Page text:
Evelyn Martinez | EurekAlert!
Further information:
http://www.wiley.com

Further reports about: BRCA1 DNA NGS breast hereditary mastectomy mutations

More articles from Health and Medicine:

nachricht Second cause of hidden hearing loss identified
20.02.2017 | Michigan Medicine - University of Michigan

nachricht Prospect for more effective treatment of nerve pain
20.02.2017 | Universität Zürich

All articles from Health and Medicine >>>

The most recent press releases about innovation >>>

Die letzten 5 Focus-News des innovations-reports im Überblick:

Im Focus: Breakthrough with a chain of gold atoms

In the field of nanoscience, an international team of physicists with participants from Konstanz has achieved a breakthrough in understanding heat transport

In the field of nanoscience, an international team of physicists with participants from Konstanz has achieved a breakthrough in understanding heat transport

Im Focus: DNA repair: a new letter in the cell alphabet

Results reveal how discoveries may be hidden in scientific “blind spots”

Cells need to repair damaged DNA in our genes to prevent the development of cancer and other diseases. Our cells therefore activate and send “repair-proteins”...

Im Focus: Dresdner scientists print tomorrow’s world

The Fraunhofer IWS Dresden and Technische Universität Dresden inaugurated their jointly operated Center for Additive Manufacturing Dresden (AMCD) with a festive ceremony on February 7, 2017. Scientists from various disciplines perform research on materials, additive manufacturing processes and innovative technologies, which build up components in a layer by layer process. This technology opens up new horizons for component design and combinations of functions. For example during fabrication, electrical conductors and sensors are already able to be additively manufactured into components. They provide information about stress conditions of a product during operation.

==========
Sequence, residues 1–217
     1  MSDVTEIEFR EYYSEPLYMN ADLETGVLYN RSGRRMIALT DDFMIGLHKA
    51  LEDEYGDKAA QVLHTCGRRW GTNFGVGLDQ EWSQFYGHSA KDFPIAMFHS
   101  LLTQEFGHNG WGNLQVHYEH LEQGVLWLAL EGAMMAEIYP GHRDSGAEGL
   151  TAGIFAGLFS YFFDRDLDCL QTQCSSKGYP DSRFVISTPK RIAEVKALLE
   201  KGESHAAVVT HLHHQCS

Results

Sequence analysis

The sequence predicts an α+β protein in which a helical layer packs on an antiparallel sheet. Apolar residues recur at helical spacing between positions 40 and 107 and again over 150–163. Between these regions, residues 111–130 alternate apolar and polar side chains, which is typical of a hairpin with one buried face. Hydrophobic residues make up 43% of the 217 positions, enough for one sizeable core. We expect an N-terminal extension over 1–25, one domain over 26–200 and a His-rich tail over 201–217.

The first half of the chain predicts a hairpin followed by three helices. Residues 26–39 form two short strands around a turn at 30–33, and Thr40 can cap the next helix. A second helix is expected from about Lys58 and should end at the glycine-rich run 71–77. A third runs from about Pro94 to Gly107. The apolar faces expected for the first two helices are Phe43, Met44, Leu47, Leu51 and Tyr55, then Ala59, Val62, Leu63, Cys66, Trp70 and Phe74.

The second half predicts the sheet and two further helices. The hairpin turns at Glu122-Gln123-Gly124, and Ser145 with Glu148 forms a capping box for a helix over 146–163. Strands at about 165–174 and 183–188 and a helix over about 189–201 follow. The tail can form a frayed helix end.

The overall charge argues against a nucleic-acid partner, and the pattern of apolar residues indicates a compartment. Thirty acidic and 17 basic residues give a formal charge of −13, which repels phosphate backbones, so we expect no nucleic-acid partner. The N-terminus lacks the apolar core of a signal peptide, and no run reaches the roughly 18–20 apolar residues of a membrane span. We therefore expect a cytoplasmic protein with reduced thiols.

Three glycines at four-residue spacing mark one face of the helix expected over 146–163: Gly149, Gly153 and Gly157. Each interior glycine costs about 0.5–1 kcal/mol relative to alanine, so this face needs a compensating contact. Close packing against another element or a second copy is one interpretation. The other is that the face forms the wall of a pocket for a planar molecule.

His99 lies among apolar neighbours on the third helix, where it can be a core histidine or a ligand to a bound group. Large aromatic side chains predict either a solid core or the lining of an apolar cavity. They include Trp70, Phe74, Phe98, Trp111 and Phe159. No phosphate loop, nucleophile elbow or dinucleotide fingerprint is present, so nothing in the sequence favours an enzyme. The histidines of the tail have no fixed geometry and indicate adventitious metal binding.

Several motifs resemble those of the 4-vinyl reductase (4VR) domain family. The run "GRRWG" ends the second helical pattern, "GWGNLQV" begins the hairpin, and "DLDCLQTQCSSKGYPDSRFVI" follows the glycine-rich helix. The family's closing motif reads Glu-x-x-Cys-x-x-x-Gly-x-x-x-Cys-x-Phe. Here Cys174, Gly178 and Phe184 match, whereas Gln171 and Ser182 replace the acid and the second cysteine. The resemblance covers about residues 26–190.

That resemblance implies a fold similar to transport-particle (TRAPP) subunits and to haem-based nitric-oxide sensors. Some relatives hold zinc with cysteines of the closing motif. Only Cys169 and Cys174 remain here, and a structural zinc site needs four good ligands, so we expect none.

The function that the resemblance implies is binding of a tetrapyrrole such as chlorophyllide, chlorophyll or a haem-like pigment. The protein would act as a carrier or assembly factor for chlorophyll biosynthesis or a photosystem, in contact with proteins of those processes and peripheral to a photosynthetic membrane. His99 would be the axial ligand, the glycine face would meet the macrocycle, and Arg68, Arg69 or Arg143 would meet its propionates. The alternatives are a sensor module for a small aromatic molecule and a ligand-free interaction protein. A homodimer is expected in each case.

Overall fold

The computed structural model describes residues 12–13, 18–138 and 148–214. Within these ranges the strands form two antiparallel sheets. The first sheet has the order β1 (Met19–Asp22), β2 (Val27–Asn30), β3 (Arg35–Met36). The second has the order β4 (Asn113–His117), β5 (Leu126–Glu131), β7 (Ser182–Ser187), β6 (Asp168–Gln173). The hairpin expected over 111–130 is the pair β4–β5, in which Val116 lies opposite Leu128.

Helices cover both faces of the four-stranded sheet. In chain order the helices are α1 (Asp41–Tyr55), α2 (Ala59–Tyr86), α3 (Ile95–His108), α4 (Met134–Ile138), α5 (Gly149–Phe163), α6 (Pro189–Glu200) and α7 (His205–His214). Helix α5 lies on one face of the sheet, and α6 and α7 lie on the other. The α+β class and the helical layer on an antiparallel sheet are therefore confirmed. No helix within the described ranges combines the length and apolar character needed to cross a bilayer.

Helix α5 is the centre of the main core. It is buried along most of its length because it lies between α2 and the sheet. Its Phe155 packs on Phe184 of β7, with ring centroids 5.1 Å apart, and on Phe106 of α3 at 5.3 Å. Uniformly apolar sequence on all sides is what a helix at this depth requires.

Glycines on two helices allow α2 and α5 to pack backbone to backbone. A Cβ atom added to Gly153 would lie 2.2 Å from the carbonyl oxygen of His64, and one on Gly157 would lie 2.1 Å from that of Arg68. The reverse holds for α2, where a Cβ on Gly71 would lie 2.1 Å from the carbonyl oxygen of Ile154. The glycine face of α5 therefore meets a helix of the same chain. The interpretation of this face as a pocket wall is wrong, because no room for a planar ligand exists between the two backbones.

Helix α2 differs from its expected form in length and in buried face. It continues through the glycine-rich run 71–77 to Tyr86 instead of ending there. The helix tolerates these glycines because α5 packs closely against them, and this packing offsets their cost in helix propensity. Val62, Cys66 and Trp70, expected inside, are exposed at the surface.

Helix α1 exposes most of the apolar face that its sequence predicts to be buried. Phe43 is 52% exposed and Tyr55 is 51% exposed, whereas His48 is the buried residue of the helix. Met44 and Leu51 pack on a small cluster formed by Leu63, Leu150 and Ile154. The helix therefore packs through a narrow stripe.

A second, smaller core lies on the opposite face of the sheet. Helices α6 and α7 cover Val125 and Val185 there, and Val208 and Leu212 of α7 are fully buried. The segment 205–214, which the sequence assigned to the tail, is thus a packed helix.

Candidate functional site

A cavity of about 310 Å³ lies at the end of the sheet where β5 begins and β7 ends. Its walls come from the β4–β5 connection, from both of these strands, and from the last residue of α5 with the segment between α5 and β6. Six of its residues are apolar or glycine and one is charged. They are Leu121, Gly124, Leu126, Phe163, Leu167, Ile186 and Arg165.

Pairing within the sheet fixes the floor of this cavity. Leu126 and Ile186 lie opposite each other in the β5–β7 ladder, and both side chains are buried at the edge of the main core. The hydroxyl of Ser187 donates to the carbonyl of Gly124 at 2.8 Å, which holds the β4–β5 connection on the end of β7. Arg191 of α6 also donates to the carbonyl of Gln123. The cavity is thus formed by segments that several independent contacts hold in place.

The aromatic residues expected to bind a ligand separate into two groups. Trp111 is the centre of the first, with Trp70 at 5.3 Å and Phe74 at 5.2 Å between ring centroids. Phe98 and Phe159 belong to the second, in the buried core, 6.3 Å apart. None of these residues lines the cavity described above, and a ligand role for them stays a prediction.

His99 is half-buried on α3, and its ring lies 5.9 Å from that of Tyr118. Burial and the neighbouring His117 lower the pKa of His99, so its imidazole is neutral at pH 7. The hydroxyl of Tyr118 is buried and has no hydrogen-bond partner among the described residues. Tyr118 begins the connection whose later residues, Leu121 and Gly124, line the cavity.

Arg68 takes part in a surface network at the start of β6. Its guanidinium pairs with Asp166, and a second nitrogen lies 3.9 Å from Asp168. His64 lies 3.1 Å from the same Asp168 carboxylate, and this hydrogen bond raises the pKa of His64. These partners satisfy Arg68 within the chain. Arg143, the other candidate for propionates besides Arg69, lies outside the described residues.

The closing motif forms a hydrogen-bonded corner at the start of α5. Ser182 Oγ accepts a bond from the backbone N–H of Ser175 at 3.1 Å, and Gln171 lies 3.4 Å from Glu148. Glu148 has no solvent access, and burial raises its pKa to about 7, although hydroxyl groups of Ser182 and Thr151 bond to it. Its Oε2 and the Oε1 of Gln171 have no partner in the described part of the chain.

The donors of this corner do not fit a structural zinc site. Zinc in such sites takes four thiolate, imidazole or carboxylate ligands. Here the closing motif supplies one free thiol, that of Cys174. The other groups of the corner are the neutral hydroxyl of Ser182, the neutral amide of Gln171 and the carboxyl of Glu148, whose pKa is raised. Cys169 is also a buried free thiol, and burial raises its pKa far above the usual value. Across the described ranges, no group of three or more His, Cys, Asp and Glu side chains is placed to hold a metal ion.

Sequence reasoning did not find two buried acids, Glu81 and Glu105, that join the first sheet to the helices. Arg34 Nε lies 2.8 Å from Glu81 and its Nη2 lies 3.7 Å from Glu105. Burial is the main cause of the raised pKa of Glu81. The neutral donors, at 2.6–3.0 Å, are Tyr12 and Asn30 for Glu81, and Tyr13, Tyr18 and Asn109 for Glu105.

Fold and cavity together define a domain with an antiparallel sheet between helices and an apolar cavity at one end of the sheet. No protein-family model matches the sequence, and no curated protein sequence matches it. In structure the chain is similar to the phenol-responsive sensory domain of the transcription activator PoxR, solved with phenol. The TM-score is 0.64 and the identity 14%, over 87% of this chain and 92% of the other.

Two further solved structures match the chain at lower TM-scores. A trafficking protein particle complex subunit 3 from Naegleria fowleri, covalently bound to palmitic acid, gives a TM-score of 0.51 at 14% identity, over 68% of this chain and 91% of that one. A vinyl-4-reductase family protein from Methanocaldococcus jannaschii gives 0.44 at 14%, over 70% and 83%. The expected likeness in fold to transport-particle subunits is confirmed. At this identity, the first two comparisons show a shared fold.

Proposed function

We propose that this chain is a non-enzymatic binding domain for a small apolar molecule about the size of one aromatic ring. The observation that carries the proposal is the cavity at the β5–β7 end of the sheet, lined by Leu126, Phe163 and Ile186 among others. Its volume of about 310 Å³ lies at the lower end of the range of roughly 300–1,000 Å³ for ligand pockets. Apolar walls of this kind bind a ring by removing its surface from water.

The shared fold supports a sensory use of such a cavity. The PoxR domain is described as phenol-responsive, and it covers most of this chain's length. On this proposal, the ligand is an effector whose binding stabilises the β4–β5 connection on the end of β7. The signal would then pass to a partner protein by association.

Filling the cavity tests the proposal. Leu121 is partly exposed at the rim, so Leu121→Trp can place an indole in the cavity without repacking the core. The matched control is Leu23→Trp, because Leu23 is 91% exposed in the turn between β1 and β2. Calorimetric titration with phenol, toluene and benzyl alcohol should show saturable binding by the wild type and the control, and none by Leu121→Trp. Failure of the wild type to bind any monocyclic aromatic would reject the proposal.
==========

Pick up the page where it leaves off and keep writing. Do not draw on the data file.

The 3D-printing technology, or additive manufacturing as it is often called, has long made the step out of scientific research laboratories into industrial...

Im Focus: Mimicking nature's cellular architectures via 3-D printing

Research offers new level of control over the structure of 3-D printed materials

Nature does amazing things with limited design materials. Grass, for example, can support its own weight, resist strong wind loads, and recover after being...

Im Focus: Three Magnetic States for Each Hole

Nanometer-scale magnetic perforated grids could create new possibilities for computing. Together with international colleagues, scientists from the Helmholtz Zentrum Dresden-Rossendorf (HZDR) have shown how a cobalt grid can be reliably programmed at room temperature. In addition they discovered that for every hole ("antidot") three magnetic states can be configured. The results have been published in the journal "Scientific Reports".

Physicist Dr. Rantej Bali from the HZDR, together with scientists from Singapore and Australia, designed a special grid structure in a thin layer of cobalt in...

All Focus news of the innovation-report >>>

Anzeige

Anzeige

Event News

Booth and panel discussion – The Lindau Nobel Laureate Meetings at the AAAS 2017 Annual Meeting

13.02.2017 | Event News

Complex Loading versus Hidden Reserves

10.02.2017 | Event News

International Conference on Crystal Growth in Freiburg

09.02.2017 | Event News

 
Latest News

Impacts of mass coral die-off on Indian Ocean reefs revealed

21.02.2017 | Earth Sciences

Novel breast tomosynthesis technique reduces screening recall rate

21.02.2017 | Medical Engineering

Use your Voice – and Smart Homes will “LISTEN”

21.02.2017 | Trade Fair News

VideoLinks
B2B-VideoLinks
More VideoLinks >>>